• Heinrich Röttsches: The Krefeld dialect . Book printing of the orphanage, Halle 1875, urn : nbn: de: hebis: 04-eb2011-04148 .
  • Heinz Webers: Dictionary Krieewelsch-German, German-Krieewelsch . SeidenweberBücherei Krefeld published by tax & more, Würzburg 2000, ISBN 3-9807395-1-1 .
  • Heinz Webers: Krieewelsch Quiz . SeidenweberBücherei Krefeld published by tax & more, Würzburg 2004, ISBN 3-9807395-4-6 .
  • Heinz Webers: Even more Schüenen Duorieen - Stöckskes op oser Platt . SeidenweberBücherei Krefeld published by tax & more, Würzburg 2005, ISBN 3-9807395-9-7 .
  • Johannes Werner: Lexicon of the old Krefelder Platt. Words, idioms, their meanings and their origins . Edited from the estate, completed and edited by Paula Coerper-Becker (= Krefeld City Archives: Krefeld Studies. 13). van Acken, Krefeld 2004, ISBN 3-923140-91-6 .

Web links

Individual evidence

  1. Georg Cornelissen in: Heribert Houben (Hrsg.): Krefeld - The history of the city. Volume 5. Krefeld, Krefeld 2010, ISBN 978-3-9808235-7-9 , p. 666.
  2. a b Willy Hermes: Krieewelsch van A bes Z. van Acken, Krefeld 1978, ISBN 3-923140-03-7 .
  3. Johannes Werner: Lexicon of the old Krefelder Platt. Words, phrases, idioms, their meaning and origin. Published by the city of Krefeld, edited by Paula Coerper-Becker (= Krefeld city archive: Krefelder Studies. 13). van Acken, Krefeld 2004, ISBN 3-923140-91-6 .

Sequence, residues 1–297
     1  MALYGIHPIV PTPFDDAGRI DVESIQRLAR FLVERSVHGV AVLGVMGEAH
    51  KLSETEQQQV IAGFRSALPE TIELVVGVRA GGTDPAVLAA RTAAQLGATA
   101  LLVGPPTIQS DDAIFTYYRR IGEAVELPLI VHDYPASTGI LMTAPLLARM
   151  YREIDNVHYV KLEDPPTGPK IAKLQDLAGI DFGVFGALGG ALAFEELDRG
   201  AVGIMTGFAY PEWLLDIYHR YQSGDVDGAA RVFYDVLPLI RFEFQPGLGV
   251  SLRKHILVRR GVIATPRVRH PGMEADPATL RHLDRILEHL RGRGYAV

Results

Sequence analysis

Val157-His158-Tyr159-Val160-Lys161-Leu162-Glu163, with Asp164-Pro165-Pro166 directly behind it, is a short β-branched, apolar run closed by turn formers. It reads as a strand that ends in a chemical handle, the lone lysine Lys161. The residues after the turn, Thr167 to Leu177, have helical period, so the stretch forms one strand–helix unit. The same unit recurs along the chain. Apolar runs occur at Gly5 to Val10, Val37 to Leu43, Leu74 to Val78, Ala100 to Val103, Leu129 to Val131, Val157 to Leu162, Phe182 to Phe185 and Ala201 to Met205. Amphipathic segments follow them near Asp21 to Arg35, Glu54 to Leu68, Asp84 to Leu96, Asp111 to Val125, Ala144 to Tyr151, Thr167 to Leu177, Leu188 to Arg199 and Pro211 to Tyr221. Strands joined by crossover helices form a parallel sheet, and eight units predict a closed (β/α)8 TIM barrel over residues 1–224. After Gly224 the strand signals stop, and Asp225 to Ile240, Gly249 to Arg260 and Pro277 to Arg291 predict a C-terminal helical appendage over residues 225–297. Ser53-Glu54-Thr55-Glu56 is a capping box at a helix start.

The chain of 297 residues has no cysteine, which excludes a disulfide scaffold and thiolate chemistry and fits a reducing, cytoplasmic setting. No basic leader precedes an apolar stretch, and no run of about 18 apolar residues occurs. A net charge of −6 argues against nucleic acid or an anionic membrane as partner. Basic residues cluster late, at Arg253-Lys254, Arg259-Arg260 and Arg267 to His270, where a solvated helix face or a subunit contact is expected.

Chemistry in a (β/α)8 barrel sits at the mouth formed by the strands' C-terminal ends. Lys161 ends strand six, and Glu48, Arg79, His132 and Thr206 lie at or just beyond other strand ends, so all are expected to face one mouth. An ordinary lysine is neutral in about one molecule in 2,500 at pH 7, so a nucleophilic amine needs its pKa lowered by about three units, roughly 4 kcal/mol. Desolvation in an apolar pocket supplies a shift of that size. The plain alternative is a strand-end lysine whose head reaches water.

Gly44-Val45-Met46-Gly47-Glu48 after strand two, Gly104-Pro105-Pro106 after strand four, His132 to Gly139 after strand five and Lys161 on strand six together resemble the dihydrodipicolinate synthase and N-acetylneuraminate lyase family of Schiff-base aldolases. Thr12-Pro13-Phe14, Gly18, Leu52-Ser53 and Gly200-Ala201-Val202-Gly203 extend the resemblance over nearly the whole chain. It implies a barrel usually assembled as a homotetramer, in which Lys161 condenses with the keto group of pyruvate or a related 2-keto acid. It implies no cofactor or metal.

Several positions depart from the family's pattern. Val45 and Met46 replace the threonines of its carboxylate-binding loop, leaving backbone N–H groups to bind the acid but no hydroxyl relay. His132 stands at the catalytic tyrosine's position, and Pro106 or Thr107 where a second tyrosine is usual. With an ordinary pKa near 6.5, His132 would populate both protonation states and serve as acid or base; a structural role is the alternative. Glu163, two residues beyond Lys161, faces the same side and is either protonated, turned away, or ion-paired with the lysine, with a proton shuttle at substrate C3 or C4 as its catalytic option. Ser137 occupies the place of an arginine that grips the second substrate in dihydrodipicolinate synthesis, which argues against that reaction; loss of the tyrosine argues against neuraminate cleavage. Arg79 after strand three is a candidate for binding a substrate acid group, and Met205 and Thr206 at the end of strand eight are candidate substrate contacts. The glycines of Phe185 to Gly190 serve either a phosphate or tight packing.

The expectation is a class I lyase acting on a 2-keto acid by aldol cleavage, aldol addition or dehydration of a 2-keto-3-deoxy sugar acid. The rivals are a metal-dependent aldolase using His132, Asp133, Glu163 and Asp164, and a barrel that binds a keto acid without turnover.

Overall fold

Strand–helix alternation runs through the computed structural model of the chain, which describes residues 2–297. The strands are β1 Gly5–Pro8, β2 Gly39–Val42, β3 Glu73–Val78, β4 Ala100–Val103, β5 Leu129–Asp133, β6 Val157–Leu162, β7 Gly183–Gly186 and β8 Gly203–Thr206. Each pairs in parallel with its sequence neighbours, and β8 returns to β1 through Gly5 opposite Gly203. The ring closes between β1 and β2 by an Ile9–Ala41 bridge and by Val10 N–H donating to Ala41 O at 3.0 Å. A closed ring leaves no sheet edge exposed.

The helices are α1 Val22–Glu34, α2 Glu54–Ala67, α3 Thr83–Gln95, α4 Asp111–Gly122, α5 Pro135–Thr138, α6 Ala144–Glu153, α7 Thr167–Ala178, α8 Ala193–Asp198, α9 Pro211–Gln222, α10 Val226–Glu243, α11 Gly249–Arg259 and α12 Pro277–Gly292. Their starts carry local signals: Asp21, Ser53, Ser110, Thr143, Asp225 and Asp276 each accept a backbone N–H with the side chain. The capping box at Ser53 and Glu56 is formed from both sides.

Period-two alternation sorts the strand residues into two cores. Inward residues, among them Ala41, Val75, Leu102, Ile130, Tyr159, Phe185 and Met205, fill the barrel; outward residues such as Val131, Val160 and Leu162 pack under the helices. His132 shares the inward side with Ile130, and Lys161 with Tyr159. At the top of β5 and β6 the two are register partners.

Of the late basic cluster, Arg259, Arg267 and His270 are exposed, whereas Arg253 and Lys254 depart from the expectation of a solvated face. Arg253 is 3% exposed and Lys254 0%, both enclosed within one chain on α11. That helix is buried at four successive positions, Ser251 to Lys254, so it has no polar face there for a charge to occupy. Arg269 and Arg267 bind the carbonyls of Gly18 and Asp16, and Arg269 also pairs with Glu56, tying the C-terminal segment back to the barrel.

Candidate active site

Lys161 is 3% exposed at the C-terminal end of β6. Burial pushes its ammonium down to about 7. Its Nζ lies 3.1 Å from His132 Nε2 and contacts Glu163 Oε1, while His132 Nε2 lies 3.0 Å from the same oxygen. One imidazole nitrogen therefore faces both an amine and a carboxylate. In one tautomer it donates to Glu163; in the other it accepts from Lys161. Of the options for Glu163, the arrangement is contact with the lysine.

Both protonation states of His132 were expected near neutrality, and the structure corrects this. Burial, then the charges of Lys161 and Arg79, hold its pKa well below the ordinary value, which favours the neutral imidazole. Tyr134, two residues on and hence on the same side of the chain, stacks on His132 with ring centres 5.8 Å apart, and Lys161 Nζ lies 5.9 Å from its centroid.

4. Klaus Otten-Krüll Castle: Krefeld town clerk Platt - texts of a Krefelders over the Krefeld and Krefeld dialect . Klaus Otten, Krefeld 1991, OCLC 1106687358 , p. 77 f. (“Platt en Sofia”).
  5. cited in Krieewelche Pappköpp - Jrillaschtaat
  6. quoted from: Et es bi alles ene Wi-et , a list of references to Krefeld poems by Heinz Webers, Krefeld 2004.
  7. Kurt Hausmann, Ursula Versteegen, Theo Versteegen: "Krieewelsch op de Reeh jebreit" - short grammar of the Krefeld dialect. Krefeld 2005, p. 13.
  8. Kurt Hausmann, Ursula Versteegen, Theo Versteegen: "Krieewelsch op de Reeh jebreit" - short grammar of the Krefeld dialect . Krefeld 2005, p. 14 and 34 f.
  9. Kurt Hausmann, Ursula Versteegen, Theo Versteegen: "Krieewelsch op de Reeh jebreit" - short grammar of the Krefeld dialect . Krefeld 2005, p. 11.
  10. Willy Hermes: "Krieewelsch van A bes Z" . van Acken, Krefeld 1978, ISBN 3-923140-03-7 , p. 190.
  11. Available in printed form and online as a PDF at In
    2007 the list names around 150 monographs, around 10 sound carriers and 8 magazine titles.
  12. Around 150 authors, many with reading samples, are listed in the book: Verein für Heimatkunde Krefeld e. V. (Ed.): Dialect in Krefeld, jedeit - jeseit - jeschrieeve . van Acken, Krefeld 2007, ISBN 978-3-923140-95-4 .